by WorldTribune Staff, January 15, 2017
U.S. President Barack Obama insists he was a “good friend” to Israel during his tenure, it’s just that Israeli Prime Minister Benjamin Nethanyahu “did not recognize it.”
A pair of polls published last week showed that the majority of Israelis did not feel that Obama was their friend.
In a poll by the Israel Democracy Institute in which respondents were asked how they would characterize Obama’s behavior toward Israel, only 22 said it was “friendly” or “very friendly.”
A Jerusalem Post poll found that 65 percent of the Jewish public characterized Obama as “pro-Palestinian” and only 12 percent as “pro-Israeli.”
“What the U.S. president has consistently failed to appreciate in his dealing with Israel is that it is tough – if not impossible – for many Israelis to dream his idealistic dreams in a reality where what is more real than the values the West shares with Islam is the nightmare prospect of a terrorist plowing a truck into a group of soldiers who could easily have been their own children,” Herb Keinon wrote for the Jerusalem Post on Jan. 13.
In a Jan. 12 interview with Israeli Channel 2’s Ilana Dayan, Obama said he believes “the best traditions of the Zionist movement in Israel are consistent with the values I have tried to live by and have tried to promote here in the United States and around the world, a belief in the rule of law, a belief in human rights, a belief in freedom of the press, a belief that we treat people fairly and justly – not only when it is convenient politically, but when it is inconvenient. So it breaks my heart to see a situation in which increasingly the prospects for peace are fading away, and it is something that happens in small increments.”
“What is true, Obama continued, “is that Israel is in a very tough neighborhood, which is why I have done so much to ensure that they can protect themselves. My point to Bibi has been historically, throughout my presidency, that I will do everything necessary to make sure Israel is in a position of strength, that it can defend itself by itself. But because of that strength, then, you are then in a position to take some risks for peace. Not stupid risks, not reckless risks, but some risks.”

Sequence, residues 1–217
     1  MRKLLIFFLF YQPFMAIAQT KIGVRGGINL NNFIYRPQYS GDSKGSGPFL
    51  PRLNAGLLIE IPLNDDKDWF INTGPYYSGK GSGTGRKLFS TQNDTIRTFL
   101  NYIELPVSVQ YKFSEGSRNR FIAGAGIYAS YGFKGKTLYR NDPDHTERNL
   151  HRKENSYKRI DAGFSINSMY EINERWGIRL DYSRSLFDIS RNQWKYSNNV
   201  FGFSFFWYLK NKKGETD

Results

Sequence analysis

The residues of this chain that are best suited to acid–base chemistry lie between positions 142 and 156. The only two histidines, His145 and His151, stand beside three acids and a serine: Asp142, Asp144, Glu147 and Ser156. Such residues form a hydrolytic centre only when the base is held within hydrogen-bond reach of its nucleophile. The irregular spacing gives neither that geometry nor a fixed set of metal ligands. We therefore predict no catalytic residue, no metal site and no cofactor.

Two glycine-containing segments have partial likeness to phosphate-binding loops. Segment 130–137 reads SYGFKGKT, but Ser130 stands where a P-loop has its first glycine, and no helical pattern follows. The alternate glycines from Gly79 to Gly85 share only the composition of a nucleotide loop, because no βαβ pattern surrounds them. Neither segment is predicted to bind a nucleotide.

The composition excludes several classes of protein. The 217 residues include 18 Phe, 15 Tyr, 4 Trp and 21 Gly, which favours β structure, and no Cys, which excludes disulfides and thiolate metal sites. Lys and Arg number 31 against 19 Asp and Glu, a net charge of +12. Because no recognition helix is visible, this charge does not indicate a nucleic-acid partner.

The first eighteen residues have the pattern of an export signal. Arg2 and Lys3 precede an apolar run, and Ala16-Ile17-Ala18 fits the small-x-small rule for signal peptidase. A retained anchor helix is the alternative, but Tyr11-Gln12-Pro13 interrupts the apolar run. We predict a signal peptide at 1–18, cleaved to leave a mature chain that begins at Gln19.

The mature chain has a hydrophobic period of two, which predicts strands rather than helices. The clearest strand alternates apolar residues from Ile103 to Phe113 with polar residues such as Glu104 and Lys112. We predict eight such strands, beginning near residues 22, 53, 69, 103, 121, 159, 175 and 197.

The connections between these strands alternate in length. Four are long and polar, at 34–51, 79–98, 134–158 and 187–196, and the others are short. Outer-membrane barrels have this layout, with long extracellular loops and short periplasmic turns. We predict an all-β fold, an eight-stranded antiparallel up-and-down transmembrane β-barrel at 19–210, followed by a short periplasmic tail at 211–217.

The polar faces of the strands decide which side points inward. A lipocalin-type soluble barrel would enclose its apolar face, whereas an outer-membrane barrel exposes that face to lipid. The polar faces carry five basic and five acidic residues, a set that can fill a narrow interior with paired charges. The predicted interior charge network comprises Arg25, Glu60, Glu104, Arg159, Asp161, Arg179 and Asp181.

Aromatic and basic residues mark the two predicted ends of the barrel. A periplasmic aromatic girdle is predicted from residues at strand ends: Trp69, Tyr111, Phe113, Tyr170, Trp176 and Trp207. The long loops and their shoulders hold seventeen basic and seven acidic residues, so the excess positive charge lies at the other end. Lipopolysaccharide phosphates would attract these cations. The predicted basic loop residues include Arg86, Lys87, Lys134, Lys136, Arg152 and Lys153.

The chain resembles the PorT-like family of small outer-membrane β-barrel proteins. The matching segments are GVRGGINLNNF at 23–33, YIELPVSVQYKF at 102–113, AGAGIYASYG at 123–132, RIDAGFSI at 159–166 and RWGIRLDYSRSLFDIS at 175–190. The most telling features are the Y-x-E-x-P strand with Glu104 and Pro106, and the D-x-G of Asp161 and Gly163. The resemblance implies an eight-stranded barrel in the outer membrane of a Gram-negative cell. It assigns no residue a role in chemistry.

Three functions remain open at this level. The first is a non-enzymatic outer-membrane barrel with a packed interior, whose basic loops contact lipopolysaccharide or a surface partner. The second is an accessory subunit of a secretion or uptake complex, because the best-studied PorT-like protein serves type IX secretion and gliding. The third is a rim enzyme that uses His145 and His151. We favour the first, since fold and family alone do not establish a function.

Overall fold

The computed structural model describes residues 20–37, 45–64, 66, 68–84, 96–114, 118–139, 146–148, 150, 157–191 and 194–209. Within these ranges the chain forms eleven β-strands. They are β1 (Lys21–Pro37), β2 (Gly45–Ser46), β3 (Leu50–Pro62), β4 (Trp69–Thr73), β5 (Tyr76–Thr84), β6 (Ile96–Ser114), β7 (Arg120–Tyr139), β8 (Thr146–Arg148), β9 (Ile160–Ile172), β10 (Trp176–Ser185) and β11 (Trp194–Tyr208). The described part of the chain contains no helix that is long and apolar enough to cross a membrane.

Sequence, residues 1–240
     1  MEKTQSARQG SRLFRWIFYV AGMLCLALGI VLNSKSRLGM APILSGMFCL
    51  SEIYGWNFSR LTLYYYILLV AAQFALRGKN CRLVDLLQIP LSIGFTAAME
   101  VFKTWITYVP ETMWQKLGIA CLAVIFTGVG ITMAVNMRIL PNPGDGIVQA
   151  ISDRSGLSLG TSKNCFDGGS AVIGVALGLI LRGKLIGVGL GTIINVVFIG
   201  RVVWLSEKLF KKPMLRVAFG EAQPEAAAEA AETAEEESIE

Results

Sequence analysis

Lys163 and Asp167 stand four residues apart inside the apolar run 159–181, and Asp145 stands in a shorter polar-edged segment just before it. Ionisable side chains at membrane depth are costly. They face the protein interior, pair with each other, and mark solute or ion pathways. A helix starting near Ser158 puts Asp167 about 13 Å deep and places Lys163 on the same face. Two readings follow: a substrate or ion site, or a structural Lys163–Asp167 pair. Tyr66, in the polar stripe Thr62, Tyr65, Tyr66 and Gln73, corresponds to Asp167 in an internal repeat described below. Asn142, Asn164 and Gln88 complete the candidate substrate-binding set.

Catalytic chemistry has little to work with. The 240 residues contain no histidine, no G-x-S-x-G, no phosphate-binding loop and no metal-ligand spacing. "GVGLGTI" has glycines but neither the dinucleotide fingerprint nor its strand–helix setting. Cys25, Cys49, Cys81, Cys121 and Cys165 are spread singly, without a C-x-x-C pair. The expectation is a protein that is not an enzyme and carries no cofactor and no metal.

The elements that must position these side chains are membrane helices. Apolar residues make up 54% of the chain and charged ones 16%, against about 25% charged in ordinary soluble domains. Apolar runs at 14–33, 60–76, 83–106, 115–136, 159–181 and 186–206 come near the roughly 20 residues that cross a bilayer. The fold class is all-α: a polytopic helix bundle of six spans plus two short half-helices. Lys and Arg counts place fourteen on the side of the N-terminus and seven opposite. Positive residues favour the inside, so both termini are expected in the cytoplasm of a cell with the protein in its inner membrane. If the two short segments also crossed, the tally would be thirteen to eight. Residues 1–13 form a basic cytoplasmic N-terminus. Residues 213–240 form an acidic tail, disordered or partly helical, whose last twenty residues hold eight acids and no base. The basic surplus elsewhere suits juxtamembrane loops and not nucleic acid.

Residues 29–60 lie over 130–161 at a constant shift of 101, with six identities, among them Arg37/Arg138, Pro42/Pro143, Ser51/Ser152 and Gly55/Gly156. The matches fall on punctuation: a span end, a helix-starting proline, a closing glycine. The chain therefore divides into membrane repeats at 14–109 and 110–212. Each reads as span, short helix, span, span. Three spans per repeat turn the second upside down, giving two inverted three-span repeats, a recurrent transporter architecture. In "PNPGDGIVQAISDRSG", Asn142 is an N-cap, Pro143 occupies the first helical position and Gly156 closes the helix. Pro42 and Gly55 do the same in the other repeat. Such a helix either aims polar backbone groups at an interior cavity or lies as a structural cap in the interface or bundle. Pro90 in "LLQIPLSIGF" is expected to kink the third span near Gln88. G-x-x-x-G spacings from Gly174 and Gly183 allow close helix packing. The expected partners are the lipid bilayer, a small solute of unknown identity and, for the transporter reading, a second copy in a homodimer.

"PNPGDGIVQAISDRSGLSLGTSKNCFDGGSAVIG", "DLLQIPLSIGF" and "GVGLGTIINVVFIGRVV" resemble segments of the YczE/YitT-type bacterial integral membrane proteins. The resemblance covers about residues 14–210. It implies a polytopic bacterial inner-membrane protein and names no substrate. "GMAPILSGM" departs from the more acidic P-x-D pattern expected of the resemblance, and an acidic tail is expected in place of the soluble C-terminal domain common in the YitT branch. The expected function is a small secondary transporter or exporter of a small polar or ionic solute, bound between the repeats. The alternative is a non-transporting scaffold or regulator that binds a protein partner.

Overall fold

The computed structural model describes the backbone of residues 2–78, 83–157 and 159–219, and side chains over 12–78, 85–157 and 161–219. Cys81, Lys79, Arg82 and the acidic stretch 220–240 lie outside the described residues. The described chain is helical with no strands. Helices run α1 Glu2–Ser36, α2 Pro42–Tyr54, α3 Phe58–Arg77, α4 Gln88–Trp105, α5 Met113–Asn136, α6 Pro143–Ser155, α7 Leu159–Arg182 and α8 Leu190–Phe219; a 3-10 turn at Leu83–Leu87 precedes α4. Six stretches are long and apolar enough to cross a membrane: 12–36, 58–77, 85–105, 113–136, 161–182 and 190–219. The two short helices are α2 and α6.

Keinon noted that “it is no coincidence that at that point in the interview, Obama evoked the name of Shimon Peres. There was the ideal Israeli whom Obama admired – the Israeli leader who talked of compromise and concession even when the buses were exploding and any talk of compromise and concession by the other side was in short supply.”
Israel also believes Obama increased the country’s long-term security risks by signing a nuclear deal with Iran, making the Islamic Republic a far greater regional power than it was before.
On the Palestinian issue, Obama’s final act of not vetoing the anti-settlement resolution in the UN is seen by many as having hung Israel out to dry “against a hostile world eager to pounce and pressure it to take actions the government believes is inimical to its interests,” Keinon wrote.
On Jan. 20, the Trump administration will take over in Washington.
“For most Israelis, at least according to the recent polls, that day can’t come soon enough,” Keinon said.